Why not pop over to On This Deity and read my new article.
There is no shortage of events to remember on July 4th. So I’m extremely pleased that On This Deity finds room today to celebrate the life and commemorate the death of Gregory Bateson. The first time I encountered Gregory Bateson’s name, he was described to me as “the most important thinker you’ve never heard of”. And that’s the description I tend to use when recommending his work to others. Because although his ideas have indeed been influential, and despite the fact that his work is finally beginning to leak into popular consciousness, the fact remains that the vast majority of educated, informed people are wholly unfamiliar with Bateson and his legacy.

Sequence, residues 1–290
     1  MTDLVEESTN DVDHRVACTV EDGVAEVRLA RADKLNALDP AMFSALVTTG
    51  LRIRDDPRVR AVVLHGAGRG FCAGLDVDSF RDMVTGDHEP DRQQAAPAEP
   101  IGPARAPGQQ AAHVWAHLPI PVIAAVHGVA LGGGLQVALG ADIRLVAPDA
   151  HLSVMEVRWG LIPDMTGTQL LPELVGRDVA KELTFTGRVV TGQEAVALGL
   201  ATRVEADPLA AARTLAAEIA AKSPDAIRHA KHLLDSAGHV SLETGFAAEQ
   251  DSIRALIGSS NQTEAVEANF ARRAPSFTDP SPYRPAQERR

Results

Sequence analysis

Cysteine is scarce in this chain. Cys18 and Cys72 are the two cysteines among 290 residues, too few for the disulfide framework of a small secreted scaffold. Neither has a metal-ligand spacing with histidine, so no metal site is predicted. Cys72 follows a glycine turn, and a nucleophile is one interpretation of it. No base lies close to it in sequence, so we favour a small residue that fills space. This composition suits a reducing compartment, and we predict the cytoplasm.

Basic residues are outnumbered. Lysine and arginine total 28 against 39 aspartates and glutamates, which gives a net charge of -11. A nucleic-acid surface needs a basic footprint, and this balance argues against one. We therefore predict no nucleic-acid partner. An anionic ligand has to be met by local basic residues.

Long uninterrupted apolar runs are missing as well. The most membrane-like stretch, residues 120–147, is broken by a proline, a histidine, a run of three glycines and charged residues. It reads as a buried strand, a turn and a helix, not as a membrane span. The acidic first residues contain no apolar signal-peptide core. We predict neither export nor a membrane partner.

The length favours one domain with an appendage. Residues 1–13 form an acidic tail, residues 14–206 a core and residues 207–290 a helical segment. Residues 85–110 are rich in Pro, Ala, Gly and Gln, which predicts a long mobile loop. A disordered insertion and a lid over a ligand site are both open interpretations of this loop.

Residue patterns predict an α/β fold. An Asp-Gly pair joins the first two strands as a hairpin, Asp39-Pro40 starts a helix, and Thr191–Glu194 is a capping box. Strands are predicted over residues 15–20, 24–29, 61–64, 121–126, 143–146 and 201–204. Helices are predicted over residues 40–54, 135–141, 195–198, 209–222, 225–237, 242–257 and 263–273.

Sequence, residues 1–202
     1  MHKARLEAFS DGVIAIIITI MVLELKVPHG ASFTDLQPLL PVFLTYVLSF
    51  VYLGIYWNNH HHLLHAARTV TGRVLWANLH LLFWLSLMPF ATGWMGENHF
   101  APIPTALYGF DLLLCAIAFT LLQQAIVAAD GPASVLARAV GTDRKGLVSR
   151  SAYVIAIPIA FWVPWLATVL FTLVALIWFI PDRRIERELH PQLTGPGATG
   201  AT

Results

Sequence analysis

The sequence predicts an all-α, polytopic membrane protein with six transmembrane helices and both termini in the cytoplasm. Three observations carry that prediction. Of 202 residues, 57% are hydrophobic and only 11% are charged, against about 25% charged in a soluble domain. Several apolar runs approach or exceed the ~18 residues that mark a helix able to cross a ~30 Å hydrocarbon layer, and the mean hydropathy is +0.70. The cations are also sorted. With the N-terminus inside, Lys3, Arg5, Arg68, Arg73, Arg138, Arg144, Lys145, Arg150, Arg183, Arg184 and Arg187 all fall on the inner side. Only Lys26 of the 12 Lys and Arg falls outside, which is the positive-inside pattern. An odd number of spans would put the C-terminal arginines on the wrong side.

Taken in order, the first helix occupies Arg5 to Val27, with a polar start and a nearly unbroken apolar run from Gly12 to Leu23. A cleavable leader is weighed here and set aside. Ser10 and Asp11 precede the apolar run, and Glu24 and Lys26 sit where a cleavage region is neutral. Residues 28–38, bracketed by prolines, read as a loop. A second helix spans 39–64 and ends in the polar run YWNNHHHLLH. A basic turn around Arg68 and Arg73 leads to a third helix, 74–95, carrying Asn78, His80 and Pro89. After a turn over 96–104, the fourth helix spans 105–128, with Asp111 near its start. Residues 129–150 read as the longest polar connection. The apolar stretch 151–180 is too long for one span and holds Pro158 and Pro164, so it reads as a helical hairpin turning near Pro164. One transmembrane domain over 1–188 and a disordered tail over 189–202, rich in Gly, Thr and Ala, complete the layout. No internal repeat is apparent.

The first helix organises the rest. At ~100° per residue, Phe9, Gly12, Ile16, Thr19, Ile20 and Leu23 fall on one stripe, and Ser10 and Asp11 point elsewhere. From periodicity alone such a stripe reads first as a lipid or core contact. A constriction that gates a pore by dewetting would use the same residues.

Which is perhaps no big surprise; for unlike most of the revolutionary thinkers who have graced this site over the past eleven months, it is my contention that Bateson’s time has yet to come. His seminal work, Steps to an Ecology of Mind sits comfortably on the same shelf as Freud’s The Interpretation of Dreams, Marx’s Das Kapital, Einstein’s Relativity or Darwin’s On the Origin of Species. The primary difference being that the cultural impact of Steps to an Ecology of Mind is still ahead of us. For it seems clear to me that should modern humanity survive the crises that seem certain to confront us this century, it will be by adopting the kind of thinking to be found in the work of Bateson.